We are huge proponents of students being responsible, not only academically, but also financially, which leads to our next tip…


Even the best-laid college financial plans can be completely and utterly destroyed if a brand new college student does not know have a clue about how to manage his or her money properly.  We have (unfortunately) seen this happen more times than we care to remember, so trust us when we say… this is vitally important!

Each and every year there are students – even gifted, intelligent students – who undermine their academic futures with a simple inability to manage a budget.  Bear in mind that there are plenty of adults who have similar problems, but for this reason it is all the more important for students to learn these skills in high school, or even well before that.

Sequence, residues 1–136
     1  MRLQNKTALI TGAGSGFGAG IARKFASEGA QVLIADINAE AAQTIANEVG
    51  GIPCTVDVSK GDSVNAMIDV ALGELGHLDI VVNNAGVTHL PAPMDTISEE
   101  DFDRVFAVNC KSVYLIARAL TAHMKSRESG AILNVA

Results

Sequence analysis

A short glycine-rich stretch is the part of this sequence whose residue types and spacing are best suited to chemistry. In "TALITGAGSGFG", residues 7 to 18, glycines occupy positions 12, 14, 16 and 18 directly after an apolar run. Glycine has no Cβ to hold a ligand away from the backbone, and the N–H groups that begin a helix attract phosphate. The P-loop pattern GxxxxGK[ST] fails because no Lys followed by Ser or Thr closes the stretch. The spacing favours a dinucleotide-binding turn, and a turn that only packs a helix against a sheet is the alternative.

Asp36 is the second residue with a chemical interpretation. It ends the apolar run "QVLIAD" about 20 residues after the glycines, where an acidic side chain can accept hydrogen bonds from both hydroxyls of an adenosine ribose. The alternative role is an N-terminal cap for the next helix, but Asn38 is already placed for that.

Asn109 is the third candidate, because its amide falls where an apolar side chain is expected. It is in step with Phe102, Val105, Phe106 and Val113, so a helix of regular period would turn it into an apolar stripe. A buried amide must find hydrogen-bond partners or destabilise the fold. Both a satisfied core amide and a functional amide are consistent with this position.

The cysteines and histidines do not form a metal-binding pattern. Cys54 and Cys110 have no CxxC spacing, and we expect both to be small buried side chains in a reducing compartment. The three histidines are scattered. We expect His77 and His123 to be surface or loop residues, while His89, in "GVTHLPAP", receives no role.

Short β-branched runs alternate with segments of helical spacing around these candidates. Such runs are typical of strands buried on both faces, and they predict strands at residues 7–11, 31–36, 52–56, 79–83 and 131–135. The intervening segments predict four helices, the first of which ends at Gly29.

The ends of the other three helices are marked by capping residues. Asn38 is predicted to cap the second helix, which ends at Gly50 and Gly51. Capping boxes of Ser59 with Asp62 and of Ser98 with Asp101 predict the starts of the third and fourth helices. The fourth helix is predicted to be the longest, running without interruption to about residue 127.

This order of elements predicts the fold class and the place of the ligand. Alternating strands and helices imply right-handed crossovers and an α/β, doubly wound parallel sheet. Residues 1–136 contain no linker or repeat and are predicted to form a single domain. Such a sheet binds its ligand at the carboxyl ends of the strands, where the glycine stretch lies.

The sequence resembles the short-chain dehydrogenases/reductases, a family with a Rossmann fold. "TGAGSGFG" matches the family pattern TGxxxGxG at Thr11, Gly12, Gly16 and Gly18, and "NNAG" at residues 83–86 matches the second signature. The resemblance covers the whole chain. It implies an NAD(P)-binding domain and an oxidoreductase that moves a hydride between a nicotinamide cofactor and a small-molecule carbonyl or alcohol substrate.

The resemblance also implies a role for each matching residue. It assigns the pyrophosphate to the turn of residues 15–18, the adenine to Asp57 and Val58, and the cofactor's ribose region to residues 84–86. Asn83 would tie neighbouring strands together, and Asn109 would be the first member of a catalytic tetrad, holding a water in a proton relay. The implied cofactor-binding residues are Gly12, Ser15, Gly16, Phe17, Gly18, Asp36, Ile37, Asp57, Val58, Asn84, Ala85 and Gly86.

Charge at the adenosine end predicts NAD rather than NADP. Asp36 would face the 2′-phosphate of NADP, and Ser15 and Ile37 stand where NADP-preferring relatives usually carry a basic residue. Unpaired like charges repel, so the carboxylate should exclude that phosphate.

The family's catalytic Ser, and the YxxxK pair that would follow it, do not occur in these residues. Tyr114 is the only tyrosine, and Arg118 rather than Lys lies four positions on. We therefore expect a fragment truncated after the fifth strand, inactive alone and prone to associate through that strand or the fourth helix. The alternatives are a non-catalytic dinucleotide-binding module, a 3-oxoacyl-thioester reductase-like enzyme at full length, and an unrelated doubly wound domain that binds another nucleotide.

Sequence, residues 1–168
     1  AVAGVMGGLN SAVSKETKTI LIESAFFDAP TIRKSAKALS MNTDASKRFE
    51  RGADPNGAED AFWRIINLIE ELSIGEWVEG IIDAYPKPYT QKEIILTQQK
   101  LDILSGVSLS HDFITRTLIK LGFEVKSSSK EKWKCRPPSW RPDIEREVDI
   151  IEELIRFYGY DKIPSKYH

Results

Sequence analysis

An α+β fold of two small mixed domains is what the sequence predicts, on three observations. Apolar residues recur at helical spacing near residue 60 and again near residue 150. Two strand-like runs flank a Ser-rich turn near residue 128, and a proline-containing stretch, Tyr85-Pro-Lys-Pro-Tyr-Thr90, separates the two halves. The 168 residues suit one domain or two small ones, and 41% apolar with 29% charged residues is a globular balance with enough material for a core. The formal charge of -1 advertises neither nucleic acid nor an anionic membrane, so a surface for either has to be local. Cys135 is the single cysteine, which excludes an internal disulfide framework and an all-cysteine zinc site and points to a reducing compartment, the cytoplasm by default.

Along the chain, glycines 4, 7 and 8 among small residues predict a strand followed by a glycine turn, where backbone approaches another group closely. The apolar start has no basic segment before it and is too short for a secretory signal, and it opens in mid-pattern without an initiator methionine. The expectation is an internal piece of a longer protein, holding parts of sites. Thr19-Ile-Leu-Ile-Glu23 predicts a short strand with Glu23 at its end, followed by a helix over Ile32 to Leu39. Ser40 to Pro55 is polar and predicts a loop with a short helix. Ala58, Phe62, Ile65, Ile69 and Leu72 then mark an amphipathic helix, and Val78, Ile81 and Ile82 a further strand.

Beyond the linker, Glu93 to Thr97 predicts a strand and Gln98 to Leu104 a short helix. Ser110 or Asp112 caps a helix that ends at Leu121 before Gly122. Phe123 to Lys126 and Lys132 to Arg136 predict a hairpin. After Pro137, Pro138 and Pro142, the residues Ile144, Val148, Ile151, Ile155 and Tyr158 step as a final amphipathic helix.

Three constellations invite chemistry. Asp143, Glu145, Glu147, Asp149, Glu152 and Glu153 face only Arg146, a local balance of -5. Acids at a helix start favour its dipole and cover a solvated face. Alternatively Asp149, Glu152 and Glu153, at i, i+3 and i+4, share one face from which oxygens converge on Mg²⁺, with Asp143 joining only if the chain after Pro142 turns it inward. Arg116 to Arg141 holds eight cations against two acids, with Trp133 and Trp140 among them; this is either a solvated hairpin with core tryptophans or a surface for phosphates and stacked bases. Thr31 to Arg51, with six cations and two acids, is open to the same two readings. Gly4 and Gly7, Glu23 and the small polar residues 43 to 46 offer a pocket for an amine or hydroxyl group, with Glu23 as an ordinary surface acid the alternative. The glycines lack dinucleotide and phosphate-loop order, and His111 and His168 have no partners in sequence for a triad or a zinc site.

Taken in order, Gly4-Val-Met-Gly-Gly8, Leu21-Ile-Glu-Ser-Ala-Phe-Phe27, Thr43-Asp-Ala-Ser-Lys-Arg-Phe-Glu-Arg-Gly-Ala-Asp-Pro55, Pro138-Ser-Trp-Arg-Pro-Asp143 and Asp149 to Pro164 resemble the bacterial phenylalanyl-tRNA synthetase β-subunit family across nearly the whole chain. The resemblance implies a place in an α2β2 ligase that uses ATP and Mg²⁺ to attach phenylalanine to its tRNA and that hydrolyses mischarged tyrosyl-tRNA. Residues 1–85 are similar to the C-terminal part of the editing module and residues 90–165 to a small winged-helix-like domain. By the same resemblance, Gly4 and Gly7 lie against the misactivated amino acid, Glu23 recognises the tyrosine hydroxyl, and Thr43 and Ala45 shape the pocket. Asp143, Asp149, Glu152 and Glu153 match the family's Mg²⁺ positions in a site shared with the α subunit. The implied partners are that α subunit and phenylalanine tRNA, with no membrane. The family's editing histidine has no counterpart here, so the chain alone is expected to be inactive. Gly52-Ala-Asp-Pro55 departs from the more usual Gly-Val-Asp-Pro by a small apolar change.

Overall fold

Students who can keep a budget will find that they are also able to function at the college level without the financial stress that plagues so many families during the years of higher education.  That can honestly, in and of itself, improve a grade point average pretty significantly!

There is also little doubt that being able to organize, plan, and stick to a budget demonstrates a level of maturity that spills over to academic work at the next level.  This is a skill, and it is something that can be learned… far too many schools no longer offer training in this, so if it is not available in your school district then it could be a very good idea to seek other resources to get these skills in place!  It will serve a student well both during his or her college education, and later in life, as well.